Fuxi and NŸwa for their part in the rescue, the Thunder God pulled a long canine
tooth from his mouth and gave it to them saying:
"In three days, mankind will suffer a terrible calamity. You may use this
tooth to keep yourselves safe from harm."
Having said this, the Thunder God leaped into the sky and disappeared.
Three days later, the sky was filled with thunder and lightning. A tremendous
storm broke out. Rain fell incessantly and the flood waters rose; huge waves
swept across the earth and the entire human race was destroyed. As the flood
began, the Thunder God's tooth transformed itself into a boat. Safe aboard this
vessel, Fuxi and his sister rode the waves and drifted with the tides. Only when
the waters had subsided did Fuxi and NŸwa realise that they alone had survived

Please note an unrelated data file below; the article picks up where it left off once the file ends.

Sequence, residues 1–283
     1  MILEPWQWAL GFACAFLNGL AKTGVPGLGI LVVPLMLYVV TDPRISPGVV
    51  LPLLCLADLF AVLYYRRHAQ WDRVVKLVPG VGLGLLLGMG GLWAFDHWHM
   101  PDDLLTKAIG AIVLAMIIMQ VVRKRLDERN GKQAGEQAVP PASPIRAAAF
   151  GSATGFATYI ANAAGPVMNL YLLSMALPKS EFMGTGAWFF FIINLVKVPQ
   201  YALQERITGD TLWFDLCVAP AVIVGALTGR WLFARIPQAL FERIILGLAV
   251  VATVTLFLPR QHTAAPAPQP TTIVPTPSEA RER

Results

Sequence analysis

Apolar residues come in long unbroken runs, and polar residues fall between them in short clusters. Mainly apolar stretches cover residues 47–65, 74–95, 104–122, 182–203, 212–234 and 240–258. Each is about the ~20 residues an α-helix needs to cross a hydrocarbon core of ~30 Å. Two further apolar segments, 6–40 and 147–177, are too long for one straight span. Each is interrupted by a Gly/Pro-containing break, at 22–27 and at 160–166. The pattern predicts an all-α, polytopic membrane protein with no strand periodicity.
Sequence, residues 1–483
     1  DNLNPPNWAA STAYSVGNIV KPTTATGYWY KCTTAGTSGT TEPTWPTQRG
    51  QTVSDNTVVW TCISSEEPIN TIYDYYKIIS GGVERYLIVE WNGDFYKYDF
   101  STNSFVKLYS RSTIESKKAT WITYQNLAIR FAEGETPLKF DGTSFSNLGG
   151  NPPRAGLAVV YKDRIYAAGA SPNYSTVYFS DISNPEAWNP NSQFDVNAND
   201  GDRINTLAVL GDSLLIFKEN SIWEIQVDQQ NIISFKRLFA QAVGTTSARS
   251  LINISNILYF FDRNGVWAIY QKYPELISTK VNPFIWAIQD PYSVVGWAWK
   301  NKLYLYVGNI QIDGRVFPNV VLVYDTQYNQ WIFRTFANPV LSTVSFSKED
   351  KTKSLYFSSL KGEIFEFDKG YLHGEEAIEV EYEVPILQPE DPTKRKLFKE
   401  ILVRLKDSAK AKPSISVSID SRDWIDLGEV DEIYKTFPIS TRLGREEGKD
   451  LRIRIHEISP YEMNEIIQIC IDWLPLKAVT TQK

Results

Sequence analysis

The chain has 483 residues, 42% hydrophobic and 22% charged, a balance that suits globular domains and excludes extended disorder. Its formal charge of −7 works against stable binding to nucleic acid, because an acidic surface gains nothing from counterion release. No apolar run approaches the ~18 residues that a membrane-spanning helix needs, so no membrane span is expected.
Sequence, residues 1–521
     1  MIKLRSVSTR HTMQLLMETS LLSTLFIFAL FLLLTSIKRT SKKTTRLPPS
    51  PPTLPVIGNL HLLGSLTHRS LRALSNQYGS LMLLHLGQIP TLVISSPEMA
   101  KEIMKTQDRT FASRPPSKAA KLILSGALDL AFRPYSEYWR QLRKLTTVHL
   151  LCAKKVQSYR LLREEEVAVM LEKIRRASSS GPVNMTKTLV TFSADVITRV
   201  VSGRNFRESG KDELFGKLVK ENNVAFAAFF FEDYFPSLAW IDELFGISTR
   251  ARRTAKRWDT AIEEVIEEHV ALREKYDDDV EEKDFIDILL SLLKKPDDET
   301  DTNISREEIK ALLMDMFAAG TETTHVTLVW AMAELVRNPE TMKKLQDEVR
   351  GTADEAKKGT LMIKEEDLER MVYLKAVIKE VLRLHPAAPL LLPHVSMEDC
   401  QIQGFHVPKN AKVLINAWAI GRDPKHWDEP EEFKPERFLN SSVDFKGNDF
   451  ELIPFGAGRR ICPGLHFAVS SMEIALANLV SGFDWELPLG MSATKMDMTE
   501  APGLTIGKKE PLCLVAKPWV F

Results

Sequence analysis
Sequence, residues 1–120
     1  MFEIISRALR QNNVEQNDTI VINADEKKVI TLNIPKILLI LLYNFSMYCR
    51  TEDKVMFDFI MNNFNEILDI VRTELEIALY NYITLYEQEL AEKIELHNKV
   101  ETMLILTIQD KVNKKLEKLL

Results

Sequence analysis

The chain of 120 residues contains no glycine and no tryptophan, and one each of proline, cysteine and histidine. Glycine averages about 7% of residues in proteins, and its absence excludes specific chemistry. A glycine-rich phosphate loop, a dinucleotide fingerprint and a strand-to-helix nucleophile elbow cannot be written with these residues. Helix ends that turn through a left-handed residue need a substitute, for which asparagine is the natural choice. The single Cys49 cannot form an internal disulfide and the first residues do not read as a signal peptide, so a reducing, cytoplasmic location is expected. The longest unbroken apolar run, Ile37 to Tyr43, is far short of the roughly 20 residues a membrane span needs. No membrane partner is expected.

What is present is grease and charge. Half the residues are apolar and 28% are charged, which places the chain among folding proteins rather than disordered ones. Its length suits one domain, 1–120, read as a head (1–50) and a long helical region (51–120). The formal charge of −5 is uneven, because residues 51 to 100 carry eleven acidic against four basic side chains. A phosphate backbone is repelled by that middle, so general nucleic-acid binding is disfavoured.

the desolation. When they had grown into adults, Fuxi and NŸwa became husband
and wife in order to bear descendants and establish a new human race.
This second story reflects the custom of intermarriage between blood
relations in ancient China. It also shows why Nuwa is known as the mother of the
It is said that there were no men when the sky and the earth were separated.
It was NŸ Wa who made men by moulding yellow clay. The work was so taxing that
her strength was not equal to it. So she dipped a rope into the mud and then
lifted it. The mud that dripped from the rope also became men. Those made by
moulding yellow clay were rich and noble, while those made by lifting the rope
were poor and low. - from Tai ping yu lan (Taiping Anthologies for the Emperor)
In ancient times, the four corners of the sky collapsed and the world with
its nine regions split open. The sky could not cover all the things under it,